Expert Health Articles

Alzheimer's Disease Skills2Care™

Lindsey Buddelmeyer OTDLindsey Buddelmeyer OTD

Bridge Pallative Care

Chances are, you know someone who has been impacted by Alzheimer’s disease. This may be a friend, a co-worker, a person that you know from church, a next door neighbor, or it may be you. This disease is not as it seems, people are not as they seem. Someone may look fine on the outside, but is completely broken and has morphed into someone different on the inside. It takes more than five minutes to see that Alzheimer’s disease has robbed the person of his or her soul. To the caregiver, a new person resides inside the home. To the patient, there is a familiar face that walks among unfamiliar walls. A lifetime of memories fades with each passing day. We need to come together as a community and support one another to help combat this disease. 

Currently, more than 5 million Americans are living with Alzheimer’s disease and the numbers continue to rise each and every day (Alzheimer’s Association, 2017). Alzheimer’s disease directly impacts patients and caregivers. By and large; caregivers have no formalized education or training to provide direct care to their loved ones. Research studies have linked negative health consequences for caregivers from the physical and emotional stressors associated with caregiving.

There is oftentimes a role reversal that occurs between husbands and wives. These patients and families are typically attended to by a primary care physician and or neurologist. They are seen for routine follow-up appointments which oftentimes include a review of medications, and a cognitive assessment. Many times caregivers know the results of this assessment before the physician even formally tests them. How and what are we giving them as they walk out the door and face the daily hardships of caring for someone with AD? How can we help patients and caregivers manage the physical and behavioral challenges that accompany it? A model of care that can help to better serve this population is palliative care.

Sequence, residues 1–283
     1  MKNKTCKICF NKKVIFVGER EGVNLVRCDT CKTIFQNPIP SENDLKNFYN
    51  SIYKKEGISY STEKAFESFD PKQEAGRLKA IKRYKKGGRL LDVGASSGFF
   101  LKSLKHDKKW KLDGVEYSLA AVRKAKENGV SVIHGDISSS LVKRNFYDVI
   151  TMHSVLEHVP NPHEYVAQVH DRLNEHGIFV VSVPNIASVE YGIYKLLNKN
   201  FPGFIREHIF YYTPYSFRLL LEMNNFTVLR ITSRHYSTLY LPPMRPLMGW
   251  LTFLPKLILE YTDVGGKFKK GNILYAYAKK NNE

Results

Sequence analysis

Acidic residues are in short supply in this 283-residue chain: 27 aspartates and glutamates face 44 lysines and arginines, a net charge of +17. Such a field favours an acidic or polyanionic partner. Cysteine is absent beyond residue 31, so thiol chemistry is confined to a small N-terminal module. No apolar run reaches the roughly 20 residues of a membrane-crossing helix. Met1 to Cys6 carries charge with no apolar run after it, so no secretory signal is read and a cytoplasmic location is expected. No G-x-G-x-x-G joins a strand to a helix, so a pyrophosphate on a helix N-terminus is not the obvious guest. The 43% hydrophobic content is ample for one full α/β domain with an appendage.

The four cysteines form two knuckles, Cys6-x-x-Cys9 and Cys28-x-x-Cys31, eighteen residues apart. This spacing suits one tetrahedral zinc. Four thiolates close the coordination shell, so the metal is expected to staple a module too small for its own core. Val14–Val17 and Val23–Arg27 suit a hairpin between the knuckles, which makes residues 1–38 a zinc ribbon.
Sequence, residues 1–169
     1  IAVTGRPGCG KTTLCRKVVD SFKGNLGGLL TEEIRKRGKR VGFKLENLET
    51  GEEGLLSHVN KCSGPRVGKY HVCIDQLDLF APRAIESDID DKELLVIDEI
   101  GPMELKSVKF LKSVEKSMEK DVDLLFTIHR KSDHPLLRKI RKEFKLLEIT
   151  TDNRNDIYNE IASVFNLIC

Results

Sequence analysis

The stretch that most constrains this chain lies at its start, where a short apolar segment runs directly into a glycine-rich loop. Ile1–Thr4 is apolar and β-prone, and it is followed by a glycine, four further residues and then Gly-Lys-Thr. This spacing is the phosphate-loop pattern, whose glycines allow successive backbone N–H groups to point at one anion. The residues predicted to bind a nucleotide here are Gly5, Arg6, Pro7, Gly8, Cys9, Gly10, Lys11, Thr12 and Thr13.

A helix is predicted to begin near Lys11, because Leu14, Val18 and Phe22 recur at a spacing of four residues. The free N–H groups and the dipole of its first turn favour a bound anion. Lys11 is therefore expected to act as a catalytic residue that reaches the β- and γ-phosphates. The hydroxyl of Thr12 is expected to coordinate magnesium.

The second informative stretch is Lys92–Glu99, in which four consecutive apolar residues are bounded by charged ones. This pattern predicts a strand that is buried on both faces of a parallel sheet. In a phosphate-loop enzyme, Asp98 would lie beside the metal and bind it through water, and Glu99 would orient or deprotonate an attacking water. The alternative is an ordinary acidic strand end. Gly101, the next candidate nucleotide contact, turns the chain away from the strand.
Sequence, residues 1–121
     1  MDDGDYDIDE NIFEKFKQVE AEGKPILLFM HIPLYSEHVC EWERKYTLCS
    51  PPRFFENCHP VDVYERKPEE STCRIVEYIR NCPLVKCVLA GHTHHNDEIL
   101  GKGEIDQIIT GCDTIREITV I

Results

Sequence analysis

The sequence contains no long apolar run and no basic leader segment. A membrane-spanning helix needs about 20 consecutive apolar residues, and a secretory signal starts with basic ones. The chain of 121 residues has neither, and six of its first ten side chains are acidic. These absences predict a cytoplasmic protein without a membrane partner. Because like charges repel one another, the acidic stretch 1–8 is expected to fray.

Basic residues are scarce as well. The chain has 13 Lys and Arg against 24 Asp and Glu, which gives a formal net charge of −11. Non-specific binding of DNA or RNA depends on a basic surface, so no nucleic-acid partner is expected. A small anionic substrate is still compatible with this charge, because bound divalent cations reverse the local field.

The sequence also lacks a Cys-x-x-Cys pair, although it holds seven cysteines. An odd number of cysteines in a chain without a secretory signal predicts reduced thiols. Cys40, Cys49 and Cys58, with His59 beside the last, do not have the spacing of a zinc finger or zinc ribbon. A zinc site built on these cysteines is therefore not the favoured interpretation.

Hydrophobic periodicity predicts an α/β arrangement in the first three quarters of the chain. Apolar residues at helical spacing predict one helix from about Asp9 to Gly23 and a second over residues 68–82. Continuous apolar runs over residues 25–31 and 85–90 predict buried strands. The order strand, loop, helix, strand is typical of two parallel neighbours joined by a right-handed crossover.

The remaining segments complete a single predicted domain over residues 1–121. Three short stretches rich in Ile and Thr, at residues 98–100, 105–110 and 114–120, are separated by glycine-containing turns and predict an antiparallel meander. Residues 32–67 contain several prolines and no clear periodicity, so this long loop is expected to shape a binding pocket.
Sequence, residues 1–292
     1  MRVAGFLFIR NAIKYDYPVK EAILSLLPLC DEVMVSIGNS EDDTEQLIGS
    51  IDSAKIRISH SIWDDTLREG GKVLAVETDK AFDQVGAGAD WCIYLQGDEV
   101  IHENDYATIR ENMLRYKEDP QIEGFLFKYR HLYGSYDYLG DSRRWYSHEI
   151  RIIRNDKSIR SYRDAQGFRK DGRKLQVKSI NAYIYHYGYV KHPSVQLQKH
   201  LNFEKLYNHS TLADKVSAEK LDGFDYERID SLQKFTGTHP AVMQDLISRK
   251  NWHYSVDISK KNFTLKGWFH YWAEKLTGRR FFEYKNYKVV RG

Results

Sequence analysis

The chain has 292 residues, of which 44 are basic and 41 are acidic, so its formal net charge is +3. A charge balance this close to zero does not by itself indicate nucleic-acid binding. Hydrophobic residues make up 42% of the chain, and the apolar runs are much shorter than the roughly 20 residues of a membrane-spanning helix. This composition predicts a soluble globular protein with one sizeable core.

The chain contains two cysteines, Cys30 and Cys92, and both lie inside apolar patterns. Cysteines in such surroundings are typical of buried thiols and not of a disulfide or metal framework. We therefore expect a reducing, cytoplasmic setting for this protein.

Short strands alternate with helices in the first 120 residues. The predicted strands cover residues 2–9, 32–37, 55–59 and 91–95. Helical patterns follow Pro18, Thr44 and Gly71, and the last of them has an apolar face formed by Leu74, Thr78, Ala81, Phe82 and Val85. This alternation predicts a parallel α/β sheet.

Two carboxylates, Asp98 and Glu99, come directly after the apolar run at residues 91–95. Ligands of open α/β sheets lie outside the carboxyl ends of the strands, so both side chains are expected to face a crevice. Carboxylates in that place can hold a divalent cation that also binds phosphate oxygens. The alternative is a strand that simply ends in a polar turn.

Palliative care is a branch of medicine that is comprised of health care providers that address the needs of chronic disease communities such as AD or dementia. The goal being to help to prevent and relieve suffering and to support the best quality of life for patients and their families. Skills2Care™ is a caregiver education and training program that is delivered by an occupational therapist that helps families manage daily care challenges. These challenges may include but are not limited to resistance to bathing, agitation, difficulty with communication, medication safety and management, functional transfers throughout the home, and recommendations for adaptive equipment and environmental modifications in the home.

This program is currently being embedded under a palliative care model of practice so that patients diagnosed with AD and their caregivers can receive the help and support that they need along the way. Patients with AD typically live 6-12 years beyond the time that they begin to demonstrate challenges with their memory.  This model of care combined with Skills2Care™ can be very impactful for patients and families as they try to manage the chronic and progressive nature of this disease. Our goal is to keep people in their homes and out of the hospital. We are focused on improving the quality of life for the patient as well as the caregiver.